George Claassen studied at the University of Pretoria (B.Hons, MA ) and at (PhD). From 1974 he worked as a journalist at Beeld in various positions as general, political, science and sports reporter. After four years as senior researcher at the Human Sciences Research Council, he joined the Department of Journalism at the Technikon in Pretoria (now the Tshwane University of Technology), where he was Head of the Department from 1989 until 1992. Between October 1993 and the end of January 2001 he was Professor and Head of the postgraduate Department of Journalism at Stellenbosch University in the Western Cape.Here he established the first course in science and technology journalism at an African university.
Until August 2006, he was the Science editor at the Afrikaans daily paper Die Burger, published in Cape Town, where he wrote the controversial weekly column "Wetenskap vandag" (Science Today). Claassen is known for his anti-Intelligent Design opinions and is often criticized by religious groups as being biased in his articles published in Die Burger. In August 2006, there were renewed criticism over his controversial review of "Die Groot Avontuur: Wondere Van Die Lewe Op Aarde", by Leon Rousseau.
The review sparked an intense debate in Afrikaans newspapers, and specifically Die Burger. In his review he criticized the eminent evolutionary scientist, Prof. Phillip Tobias, for writing an "Avant Propos" for Rousseau's book. Claassen's main criticism against Rousseau's book was that it tried to present the development of life on Earth through the eyes of Intelligent Design. Tobias later recanted and distanced himself unequivocally from the Intelligent Design parts of the book in a letter published in Die Burger.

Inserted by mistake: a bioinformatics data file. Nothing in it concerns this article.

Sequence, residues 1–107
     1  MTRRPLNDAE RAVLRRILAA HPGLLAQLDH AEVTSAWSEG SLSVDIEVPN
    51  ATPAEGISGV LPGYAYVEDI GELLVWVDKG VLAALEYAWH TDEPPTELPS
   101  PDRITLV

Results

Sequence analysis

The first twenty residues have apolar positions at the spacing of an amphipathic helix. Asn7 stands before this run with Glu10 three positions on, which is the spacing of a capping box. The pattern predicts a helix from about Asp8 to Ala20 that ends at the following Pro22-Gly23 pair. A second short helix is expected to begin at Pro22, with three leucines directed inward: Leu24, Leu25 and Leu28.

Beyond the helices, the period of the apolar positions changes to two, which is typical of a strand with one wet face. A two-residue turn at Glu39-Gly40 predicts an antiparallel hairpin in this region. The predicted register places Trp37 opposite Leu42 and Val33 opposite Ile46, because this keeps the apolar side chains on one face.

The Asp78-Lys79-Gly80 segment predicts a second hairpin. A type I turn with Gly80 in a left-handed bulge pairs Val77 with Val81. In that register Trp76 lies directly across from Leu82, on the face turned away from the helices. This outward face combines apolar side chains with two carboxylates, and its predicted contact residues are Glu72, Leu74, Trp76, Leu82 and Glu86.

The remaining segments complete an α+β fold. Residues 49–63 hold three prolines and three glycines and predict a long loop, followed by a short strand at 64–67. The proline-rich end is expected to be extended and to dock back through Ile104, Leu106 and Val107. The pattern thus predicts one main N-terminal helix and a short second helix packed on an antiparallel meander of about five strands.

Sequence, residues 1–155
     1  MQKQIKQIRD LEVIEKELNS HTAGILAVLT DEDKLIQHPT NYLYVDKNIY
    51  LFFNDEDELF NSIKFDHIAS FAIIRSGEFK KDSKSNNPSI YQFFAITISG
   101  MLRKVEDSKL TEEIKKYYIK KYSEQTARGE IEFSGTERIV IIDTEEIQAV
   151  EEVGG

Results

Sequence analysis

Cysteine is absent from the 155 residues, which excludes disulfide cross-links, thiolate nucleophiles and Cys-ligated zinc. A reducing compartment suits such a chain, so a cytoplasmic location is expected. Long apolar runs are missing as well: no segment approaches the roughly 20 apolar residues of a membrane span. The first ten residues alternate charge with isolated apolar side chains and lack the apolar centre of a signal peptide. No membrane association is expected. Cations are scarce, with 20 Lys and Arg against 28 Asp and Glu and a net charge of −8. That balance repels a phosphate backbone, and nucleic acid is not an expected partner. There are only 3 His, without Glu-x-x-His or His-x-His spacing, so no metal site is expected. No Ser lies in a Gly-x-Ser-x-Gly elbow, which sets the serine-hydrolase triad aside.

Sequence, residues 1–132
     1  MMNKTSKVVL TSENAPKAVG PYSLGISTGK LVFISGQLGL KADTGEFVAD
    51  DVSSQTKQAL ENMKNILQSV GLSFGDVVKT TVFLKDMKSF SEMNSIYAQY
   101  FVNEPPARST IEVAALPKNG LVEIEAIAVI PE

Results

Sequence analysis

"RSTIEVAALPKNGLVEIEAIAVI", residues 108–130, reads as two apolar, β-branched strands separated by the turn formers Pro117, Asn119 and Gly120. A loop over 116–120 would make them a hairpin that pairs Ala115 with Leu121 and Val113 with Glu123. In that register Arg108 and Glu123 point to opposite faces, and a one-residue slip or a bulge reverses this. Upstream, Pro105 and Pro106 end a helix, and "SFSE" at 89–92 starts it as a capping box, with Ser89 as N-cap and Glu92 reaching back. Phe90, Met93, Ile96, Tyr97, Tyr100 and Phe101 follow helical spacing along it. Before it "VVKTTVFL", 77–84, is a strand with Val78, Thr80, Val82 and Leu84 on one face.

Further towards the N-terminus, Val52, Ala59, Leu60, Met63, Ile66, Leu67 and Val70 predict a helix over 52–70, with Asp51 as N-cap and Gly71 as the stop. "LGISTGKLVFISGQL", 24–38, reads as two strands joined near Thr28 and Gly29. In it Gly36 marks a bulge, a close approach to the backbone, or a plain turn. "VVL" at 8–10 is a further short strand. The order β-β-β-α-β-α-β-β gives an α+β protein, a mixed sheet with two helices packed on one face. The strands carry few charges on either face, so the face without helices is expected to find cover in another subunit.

Claassen's latest book, "Geloof, Bygeloof en Ander Wensdenkery - Perspektiewe oor Ontdekkings en Irrasionaliteite" was published by Protea Boekhuis in July 2007. It became an immediate bestseller and in February 2008 went into a 2nd printing. As the founder director of Sceptic South Africa (SSA), Claassen wrote a popular and very controversial blog on science and rational thinking. He deleted his blog: Prometheus Ongebonde, in 2009, without any explanation. It was rumored that he and his family had been personally targeted by fundamental Christians because he was questioning religion in the public schools.
In 2003 Claassen became the ombudsman of the Afrikaans daily newspaper published in Cape Town and Port Elizabeth, Die Burger and served as a board member of the international Organisation of Newsombudsmen.
In May 2007 Claassen was the first winner of the SAASTA South African Science Communicator of the Year Award, presented by the National Science and Technology Forum. In July 2008, Claassen left the newspaper, now following a career as science journalist. He still teaches science journalism at Stellenbosch University, and presents an annual course in Science Communication to scientists at the University of Cape Town. He is writing a book on the Afrikaans press and the role it played during the years of apartheid.